Yeah, so if that doesn’t make you slightly giddy I am not sure what does as a Jays fan. But realistically, isn’t his analysis dead on? I mean I made mention of how legit Colby was last season in my post earlier today, but seriously – at 23 last season Colby posted a .859 OPS that would have ranked second on last years Jays squad. Yep, second. So despite his struggles this year, were talking about a guy who would have been the second best hitter on the team last year. (Yeah think back to last year, when all the Jays knew how to do was slug homers, and he ranked second behind only Jose).
So here’s to AA. It’s perhaps fitting that his initials are that of a group of drunks admitting their addictions to each other, because it seems with every deal he makes it’s not hard to envision Tony Reagins, Frank Wren and John Mozeliak all sitting around in a school gymnasium in a few years reminiscing about the time AA fleeced each one of them.
So it seems fitting to start the week, well at least my week… yep a wedding provided me with an incredibly long weekend, taking a look at when the Jays may or may not call up prized hitting prospect Brett Lawrie. While Jays fans across the country are swooning at the thought of seeing the young ‘stud’ that the ninja himself acquired in the Marcum swap during the offseason, I think we might need to hold our horses a little bit.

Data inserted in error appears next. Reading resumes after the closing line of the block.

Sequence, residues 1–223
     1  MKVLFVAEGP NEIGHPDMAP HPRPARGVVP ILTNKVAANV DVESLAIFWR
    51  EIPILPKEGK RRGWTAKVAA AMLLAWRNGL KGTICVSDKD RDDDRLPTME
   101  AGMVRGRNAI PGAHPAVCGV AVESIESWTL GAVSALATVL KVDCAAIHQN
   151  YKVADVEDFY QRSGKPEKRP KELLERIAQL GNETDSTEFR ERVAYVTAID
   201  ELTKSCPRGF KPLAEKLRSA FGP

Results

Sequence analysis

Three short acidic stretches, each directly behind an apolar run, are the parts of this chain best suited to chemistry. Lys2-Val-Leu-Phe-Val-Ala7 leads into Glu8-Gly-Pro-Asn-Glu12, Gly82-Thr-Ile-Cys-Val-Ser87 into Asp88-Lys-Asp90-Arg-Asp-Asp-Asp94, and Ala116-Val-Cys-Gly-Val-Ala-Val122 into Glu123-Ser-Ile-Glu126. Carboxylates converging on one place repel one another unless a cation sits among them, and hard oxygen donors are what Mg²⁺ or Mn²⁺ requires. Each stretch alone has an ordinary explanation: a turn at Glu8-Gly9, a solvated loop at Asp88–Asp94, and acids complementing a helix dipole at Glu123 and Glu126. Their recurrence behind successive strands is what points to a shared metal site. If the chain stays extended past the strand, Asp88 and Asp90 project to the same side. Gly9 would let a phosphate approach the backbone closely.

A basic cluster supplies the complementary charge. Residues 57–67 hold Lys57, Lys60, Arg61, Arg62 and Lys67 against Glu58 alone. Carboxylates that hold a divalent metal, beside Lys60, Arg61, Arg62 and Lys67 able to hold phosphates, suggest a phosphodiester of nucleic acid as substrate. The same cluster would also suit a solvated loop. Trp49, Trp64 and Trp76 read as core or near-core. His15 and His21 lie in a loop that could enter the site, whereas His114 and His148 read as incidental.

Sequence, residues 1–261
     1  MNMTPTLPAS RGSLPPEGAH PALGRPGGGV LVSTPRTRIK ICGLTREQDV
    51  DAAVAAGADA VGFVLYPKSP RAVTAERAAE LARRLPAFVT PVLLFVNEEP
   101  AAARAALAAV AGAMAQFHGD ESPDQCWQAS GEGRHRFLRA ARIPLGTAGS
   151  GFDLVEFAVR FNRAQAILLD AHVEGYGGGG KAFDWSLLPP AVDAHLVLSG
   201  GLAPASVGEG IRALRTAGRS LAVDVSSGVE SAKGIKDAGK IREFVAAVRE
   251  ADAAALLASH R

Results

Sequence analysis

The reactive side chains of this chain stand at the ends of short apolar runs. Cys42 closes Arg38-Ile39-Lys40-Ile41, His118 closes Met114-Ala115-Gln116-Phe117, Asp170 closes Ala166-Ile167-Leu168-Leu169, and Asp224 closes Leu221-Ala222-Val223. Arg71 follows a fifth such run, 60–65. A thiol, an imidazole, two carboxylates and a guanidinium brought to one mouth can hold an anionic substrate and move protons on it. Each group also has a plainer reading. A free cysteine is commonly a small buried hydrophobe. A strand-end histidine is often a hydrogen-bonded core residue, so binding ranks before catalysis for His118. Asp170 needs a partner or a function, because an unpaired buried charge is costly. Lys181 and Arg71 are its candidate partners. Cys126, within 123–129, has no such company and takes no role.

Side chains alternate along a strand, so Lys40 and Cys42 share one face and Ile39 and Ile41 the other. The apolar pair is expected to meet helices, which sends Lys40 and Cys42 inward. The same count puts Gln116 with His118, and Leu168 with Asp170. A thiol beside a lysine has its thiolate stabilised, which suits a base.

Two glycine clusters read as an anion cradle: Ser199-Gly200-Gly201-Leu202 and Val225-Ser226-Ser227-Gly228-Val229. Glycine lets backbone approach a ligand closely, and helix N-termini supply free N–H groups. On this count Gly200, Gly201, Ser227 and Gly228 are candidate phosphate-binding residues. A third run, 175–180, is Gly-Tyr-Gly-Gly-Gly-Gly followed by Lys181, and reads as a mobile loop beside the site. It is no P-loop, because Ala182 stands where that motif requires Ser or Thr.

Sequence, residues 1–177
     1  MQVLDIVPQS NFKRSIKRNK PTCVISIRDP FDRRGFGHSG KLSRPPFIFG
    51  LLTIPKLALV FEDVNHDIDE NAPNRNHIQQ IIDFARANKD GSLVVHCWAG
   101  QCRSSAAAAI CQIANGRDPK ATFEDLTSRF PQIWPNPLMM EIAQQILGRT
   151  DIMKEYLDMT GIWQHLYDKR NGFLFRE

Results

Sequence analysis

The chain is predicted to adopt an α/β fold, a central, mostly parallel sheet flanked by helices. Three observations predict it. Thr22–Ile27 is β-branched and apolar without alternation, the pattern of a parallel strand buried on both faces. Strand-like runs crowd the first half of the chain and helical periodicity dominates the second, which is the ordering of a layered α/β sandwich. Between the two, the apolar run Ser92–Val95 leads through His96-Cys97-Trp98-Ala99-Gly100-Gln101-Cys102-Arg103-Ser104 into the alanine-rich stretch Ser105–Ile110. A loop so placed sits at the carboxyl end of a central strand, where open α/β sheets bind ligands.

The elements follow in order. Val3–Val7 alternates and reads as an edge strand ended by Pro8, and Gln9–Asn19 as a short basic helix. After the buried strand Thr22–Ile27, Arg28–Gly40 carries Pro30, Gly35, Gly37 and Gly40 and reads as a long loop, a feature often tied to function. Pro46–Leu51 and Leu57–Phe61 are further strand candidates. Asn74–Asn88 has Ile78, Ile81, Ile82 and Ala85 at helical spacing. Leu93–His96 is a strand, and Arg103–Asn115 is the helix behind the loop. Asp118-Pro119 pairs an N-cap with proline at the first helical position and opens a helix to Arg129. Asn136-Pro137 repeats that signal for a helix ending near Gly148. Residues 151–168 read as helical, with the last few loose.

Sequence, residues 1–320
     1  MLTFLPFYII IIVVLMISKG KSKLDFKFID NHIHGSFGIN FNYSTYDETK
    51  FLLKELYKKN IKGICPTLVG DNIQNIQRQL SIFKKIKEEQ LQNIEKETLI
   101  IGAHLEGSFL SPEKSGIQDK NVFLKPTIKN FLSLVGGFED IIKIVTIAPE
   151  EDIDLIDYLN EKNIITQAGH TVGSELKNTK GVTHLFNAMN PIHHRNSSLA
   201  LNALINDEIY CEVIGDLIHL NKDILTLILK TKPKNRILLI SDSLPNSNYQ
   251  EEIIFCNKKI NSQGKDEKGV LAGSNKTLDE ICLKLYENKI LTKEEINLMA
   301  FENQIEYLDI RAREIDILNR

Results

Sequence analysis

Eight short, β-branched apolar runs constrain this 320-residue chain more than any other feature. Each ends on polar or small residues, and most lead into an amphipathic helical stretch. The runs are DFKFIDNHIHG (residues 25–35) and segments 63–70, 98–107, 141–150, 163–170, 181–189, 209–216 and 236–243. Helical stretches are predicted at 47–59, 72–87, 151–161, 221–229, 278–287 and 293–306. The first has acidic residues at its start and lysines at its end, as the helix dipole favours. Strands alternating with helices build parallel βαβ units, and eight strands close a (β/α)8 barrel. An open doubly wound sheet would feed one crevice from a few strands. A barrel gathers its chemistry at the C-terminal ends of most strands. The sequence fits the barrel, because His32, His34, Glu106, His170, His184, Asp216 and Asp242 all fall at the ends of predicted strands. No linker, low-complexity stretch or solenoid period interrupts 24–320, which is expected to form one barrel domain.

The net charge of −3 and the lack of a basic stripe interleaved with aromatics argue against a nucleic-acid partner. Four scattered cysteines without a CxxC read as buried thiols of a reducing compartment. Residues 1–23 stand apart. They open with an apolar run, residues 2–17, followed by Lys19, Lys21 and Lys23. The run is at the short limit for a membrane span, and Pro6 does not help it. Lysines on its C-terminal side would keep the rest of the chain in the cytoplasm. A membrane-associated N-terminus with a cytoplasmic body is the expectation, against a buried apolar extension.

It seems that most fans are starting to wonder why Lawrie isn’t up with the big club yet, as if the Jays don’t believe his out of the world numbers are for real in the PCL. Well for starters, yes… I think that does have something to do with it. Not that I think AA and Co. are unsatisfied with his MVP like numbers in AAA this season, but with playing in the Pacific Coast League comes the fact that fans and GM’s alike have to take the numbers with a grain of salt. If Willy Mo Pena can post a .300 avg in the PCL, anyone can.